Napier Port’s new 6 Wharf will officially open for business next month after passing its first test over the weekend – the safe berthing of a 29m container ship.
The CMA CGM Marlin was piloted into Napier Port on Saturday morning as part of the wet commissioning stage of construction – testing the new MoorMaster vacuum mooring system.
Napier Port chief executive Todd Dawson said a container ship arriving at the new 350m wharf was a sight many years and immeasurable hard work and planning in the making.
“The CMA CGM Marlin is only a few centimetres short of being the longest container ship calling to Napier Port, so it is fitting that she was the first ship to test our newest berth and our MoorMaster infrastructure,” he said.
Each of the 10 MoorMaster units can secure up to 40 tonnes and feature tidal gauges and high-tech sensors making automated adjustments to mitigate swell and weather conditions. Photo / Supplied
Napier Port expects 6 Wharf, which can handle larger ships thanks to its length and 13m-deep berth pocket, to increase capacity and productivity at the port.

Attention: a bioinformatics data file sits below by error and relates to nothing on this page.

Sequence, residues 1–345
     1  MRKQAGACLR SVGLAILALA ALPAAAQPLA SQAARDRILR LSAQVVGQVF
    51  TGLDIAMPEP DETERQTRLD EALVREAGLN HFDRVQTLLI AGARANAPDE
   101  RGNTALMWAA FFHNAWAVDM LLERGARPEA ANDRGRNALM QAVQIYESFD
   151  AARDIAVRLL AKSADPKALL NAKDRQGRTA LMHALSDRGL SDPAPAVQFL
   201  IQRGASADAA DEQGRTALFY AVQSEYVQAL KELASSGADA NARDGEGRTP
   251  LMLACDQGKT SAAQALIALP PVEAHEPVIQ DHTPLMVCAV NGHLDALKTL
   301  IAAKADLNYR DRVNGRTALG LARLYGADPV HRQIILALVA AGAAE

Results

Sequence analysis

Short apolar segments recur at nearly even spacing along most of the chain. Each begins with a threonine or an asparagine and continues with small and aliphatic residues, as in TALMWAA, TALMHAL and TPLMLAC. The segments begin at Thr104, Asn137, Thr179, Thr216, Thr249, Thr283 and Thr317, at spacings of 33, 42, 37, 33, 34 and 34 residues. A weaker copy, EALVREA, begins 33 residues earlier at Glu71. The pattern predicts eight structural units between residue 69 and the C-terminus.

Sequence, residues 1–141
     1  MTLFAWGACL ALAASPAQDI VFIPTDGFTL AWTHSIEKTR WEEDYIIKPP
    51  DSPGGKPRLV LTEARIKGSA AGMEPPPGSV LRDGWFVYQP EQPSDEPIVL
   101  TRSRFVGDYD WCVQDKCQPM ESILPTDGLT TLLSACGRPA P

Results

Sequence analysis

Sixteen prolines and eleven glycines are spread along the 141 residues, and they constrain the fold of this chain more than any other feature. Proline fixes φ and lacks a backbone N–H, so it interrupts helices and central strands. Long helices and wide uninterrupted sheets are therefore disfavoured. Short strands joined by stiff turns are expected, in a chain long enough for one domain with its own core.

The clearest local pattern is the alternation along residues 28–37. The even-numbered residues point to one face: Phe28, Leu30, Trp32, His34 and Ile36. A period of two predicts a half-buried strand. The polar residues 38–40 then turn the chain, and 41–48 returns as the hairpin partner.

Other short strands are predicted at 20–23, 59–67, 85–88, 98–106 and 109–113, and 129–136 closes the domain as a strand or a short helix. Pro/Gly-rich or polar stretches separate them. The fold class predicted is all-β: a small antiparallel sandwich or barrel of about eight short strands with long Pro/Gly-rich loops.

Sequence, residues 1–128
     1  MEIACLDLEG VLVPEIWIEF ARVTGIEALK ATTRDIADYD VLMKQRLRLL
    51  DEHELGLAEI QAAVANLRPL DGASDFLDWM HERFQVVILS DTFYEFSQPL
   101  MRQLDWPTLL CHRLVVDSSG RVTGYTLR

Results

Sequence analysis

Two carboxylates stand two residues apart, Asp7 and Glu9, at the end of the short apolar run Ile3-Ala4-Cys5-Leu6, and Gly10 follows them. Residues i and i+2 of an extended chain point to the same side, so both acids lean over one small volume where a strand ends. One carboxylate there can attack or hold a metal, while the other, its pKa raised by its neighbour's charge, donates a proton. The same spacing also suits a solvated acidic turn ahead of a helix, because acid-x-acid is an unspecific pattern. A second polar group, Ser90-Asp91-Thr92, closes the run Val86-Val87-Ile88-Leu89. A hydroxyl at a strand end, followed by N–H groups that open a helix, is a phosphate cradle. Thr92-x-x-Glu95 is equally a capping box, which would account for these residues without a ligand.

“The new wharf not only future-proofs Hawke’s Bay’s regional growth, it also opens up further growth opportunities and shipping options for cargo owners and customers across the central and lower North Island,” continued Dawson.
Cavotec, the manufacturer of the MoorMaster system, has sent a team to manage the wet commissioning process and train Napier Port’s mooring staff on the new technology.
Cavotec country manager David Williams said the automated vacuum pads are able to moor and release vessels in seconds with full remote-control access available out on the wharf using a tablet device.
“The system dramatically improves safety and operational efficiency, optimises the ship-to-shore interface, and also helps to reduce emissions during ship berthing due to reduced use of tugs and ship engines,” he said.
Each of the 10 MoorMaster units can secure up to 40 tonnes and feature tidal gauges and high-tech sensors that allow the system to hold a vessel safely in place while continually making automated adjustments to mitigate swell and weather conditions.
Napier Port has also gone live with its – and New Zealand’s first official – High Density Electronic Navigation Chart alongside the wet commissioning process.
This new navigation chart, which provides greater detail than normal, was used by Napier Port’s marine pilots to safely navigate the first vessel through the new Tareha navigation channel into port last week.